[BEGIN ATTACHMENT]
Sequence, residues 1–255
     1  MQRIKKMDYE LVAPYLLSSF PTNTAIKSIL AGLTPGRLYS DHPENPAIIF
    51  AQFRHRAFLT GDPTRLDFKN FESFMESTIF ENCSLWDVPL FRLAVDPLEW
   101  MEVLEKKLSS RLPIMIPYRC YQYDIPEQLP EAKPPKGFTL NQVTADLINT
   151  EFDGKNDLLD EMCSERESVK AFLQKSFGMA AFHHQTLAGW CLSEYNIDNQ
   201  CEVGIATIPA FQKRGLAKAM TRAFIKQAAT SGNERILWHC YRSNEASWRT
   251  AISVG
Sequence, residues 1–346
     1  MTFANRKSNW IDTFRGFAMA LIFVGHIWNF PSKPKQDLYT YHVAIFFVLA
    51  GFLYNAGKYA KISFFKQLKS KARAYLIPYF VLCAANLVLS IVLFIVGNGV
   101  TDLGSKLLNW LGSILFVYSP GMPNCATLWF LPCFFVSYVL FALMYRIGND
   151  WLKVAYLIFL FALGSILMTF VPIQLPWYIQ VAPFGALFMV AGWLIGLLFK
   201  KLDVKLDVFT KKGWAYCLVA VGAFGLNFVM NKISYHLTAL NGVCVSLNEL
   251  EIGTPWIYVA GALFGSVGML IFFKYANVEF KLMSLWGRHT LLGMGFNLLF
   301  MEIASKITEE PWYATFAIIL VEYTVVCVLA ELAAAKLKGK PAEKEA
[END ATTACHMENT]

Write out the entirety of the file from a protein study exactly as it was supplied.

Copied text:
Sequence, residues 1–255
     1  MQRIKKMDYE LVAPYLLSSF PTNTAIKSIL AGLTPGRLYS DHPENPAIIF
    51  AQFRHRAFLT GDPTRLDFKN FESFMESTIF ENCSLWDVPL FRLAVDPLEW
   101  MEVLEKKLSS RLPIMIPYRC YQYDIPEQLP EAKPPKGFTL NQVTADLINT
   151  EFDGKNDLLD EMCSERESVK AFLQKSFGMA AFHHQTLAGW CLSEYNIDNQ
   201  CEVGIATIPA FQKRGLAKAM TRAFIKQAAT SGNERILWHC YRSNEASWRT
   251  AISVG
Sequence, residues 1–346
     1  MTFANRKSNW IDTFRGFAMA LIFVGHIWNF PSKPKQDLYT YHVAIFFVLA
    51  GFLYNAGKYA KISFFKQLKS KARAYLIPYF VLCAANLVLS IVLFIVGNGV
   101  TDLGSKLLNW LGSILFVYSP GMPNCATLWF LPCFFVSYVL FALMYRIGND
   151  WLKVAYLIFL FALGSILMTF VPIQLPWYIQ VAPFGALFMV AGWLIGLLFK
   201  KLDVKLDVFT KKGWAYCLVA VGAFGLNFVM NKISYHLTAL NGVCVSLNEL
   251  EIGTPWIYVA GALFGSVGML IFFKYANVEF KLMSLWGRHT LLGMGFNLLF
   301  MEIASKITEE PWYATFAIIL VEYTVVCVLA ELAAAKLKGK PAEKEA